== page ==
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Glossary of Terms

A brief outline of the key terms used in woodland for sale details on this site.

All woodland areas are quoted in hectares. One hectare is equivalent to 2.47 acres.

Leaves which fall in winter and re-grow from buds each spring - huge range dependent on location - commonly recognised are oak, ash, beech, birch and poplar.

Coniferous amenity

Predominantly needled tree species (pine, spruce, fir and similar) which, because of scale or diversity or other features, has strong amenity or enjoyment potential.

Coniferous commercial
Predominantly needled tree species (spruce and pine), likely to have been established as a plantation with initial focus on economic return.

Note: although we have ascribed the adjective commercial and amenity to sub-divide coniferous, almost all forests and woodlands (of whatever type) can provide multiple benefits. Whilst priorities will vary, outputs can be economic, environmental (birds, bees, plants, carbon sequestration) or social (recreation, be it personal or public), and more!

Conifers (other)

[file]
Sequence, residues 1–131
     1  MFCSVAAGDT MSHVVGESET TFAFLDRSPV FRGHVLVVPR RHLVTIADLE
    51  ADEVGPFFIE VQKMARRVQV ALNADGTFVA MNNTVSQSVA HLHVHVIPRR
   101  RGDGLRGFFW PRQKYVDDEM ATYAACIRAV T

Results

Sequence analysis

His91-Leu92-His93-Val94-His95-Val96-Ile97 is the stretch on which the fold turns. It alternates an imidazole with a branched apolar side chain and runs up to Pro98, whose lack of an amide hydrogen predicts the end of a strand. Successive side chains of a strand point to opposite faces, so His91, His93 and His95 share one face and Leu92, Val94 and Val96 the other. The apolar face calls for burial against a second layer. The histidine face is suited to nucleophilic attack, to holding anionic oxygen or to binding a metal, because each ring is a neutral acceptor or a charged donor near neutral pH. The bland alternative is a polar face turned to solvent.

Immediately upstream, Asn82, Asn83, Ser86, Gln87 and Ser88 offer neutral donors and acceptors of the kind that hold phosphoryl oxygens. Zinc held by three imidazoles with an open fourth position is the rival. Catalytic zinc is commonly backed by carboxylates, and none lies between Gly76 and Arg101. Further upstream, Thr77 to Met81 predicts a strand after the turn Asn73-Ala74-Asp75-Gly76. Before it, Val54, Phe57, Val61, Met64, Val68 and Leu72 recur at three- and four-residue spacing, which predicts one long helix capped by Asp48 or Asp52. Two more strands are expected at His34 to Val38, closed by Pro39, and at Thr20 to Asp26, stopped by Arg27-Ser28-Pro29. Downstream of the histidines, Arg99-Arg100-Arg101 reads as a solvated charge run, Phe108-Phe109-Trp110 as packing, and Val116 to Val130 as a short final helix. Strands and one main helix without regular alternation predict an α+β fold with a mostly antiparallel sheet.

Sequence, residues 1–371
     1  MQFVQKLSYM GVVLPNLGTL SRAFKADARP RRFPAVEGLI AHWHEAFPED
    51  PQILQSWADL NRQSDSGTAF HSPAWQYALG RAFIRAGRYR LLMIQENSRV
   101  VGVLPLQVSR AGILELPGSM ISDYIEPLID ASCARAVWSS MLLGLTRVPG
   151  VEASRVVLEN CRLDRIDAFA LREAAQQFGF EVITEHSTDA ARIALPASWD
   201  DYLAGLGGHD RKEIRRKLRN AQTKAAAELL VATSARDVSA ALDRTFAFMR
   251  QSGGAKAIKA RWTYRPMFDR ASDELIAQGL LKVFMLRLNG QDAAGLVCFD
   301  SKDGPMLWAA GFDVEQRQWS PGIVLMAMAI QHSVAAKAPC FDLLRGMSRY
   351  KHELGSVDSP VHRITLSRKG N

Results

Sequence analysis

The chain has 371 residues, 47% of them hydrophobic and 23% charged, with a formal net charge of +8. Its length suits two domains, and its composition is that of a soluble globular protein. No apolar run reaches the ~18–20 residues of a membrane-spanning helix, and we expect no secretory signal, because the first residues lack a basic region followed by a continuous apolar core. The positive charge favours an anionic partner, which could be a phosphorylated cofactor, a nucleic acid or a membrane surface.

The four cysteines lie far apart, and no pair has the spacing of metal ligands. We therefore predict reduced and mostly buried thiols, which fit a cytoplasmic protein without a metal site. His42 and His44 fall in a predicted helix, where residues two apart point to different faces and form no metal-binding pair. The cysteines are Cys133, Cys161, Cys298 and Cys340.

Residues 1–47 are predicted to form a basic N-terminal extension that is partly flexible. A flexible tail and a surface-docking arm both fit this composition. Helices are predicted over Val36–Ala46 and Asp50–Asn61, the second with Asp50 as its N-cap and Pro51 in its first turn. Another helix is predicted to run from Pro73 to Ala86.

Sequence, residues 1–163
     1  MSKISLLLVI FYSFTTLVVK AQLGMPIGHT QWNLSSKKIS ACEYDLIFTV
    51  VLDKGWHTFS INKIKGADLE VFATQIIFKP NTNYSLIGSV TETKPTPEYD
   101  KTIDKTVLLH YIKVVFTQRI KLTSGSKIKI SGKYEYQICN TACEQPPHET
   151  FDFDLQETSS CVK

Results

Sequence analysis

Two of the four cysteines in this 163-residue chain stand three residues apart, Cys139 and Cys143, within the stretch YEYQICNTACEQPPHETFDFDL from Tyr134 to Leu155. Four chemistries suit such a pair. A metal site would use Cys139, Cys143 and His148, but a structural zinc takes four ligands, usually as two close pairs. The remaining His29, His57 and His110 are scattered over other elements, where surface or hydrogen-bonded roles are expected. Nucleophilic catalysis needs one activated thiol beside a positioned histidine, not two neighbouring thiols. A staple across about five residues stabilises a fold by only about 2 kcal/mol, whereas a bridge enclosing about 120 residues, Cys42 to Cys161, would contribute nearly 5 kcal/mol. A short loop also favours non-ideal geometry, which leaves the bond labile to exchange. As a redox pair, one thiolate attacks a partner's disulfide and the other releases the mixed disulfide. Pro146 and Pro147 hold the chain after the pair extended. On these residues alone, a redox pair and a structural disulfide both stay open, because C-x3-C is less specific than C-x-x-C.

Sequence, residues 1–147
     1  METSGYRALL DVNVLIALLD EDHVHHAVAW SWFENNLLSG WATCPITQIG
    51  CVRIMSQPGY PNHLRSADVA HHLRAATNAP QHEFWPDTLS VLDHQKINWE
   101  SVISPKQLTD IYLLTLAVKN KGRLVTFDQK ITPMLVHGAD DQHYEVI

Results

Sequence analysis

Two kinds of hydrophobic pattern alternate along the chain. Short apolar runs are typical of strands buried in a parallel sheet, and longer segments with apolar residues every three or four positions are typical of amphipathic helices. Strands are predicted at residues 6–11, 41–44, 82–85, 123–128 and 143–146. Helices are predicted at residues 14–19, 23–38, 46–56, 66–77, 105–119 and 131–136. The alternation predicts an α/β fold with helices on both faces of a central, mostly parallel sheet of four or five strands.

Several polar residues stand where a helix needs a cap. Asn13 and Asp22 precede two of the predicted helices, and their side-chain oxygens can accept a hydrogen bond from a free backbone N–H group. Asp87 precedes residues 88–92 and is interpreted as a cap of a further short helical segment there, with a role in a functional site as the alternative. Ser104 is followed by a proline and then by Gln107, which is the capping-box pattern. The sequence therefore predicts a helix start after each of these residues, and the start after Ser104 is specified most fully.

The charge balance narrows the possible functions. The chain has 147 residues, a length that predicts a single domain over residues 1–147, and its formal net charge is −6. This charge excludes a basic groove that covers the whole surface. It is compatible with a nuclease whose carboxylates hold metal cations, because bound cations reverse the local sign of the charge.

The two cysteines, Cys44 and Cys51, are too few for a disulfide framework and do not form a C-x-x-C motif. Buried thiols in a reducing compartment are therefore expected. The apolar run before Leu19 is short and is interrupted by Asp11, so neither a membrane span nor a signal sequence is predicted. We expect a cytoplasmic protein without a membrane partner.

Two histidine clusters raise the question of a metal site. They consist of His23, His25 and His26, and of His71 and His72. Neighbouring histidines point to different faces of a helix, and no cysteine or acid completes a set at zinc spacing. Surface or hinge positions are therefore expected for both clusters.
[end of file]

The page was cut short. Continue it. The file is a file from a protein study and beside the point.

All other needled species include larch, fir, Douglas fir, cedar and the like.

Crop stage and age
In the UK, rotation (from planting to felling of mature trees) can last 40 or more years for conifers. Broadleaves are generally slower-growing and maturity may take 80 to 120 years.

First rotation plantations/forests (mostly planted farmland) are commonly of a single age or stage in their progress to maturity and are identified by this age group.

Longer-established woodland may have all age ranges represented and will be described as mixed.

A combination of broadleaved and coniferous tree species giving greater flexibility in terms of use and management.

OS map
References are to the Ordnance Survey 1:50,000 Landranger series to assist you to locate the precise location. Remember grid references run east 'learn to walk, across the page' before north 'before you climb up the page'.

Pinus family has longer soft needles arising in pairs, threes or fives. There is a huge range worldwide, but in the UK we have Corsican pine in the dry south (Anglia) to native Scots pine in the Highlands.

Sporting rights
Rights or entitlement to enjoy the sporting rights over an area are most commonly available to the landowner.

Picea family has short single needles. Sitka spruce is the most commonly planted commercial conifer in the UK. Norway spruce is the most common Christmas tree.

Most woodland is freehold. Some areas are long leaseholds and a purchaser would want to understand the nature of, length, and terms, associated with the lease.

The total (gross) area for sale is broken down into planted/stocked - that is covered with trees (of whatever age); restocking/plantable - area without tree cover but capable of growing trees and/or awaiting replanting after felling or new planting on farmland; and other - open space, lakes, high hills and so on, being an integral part of the total.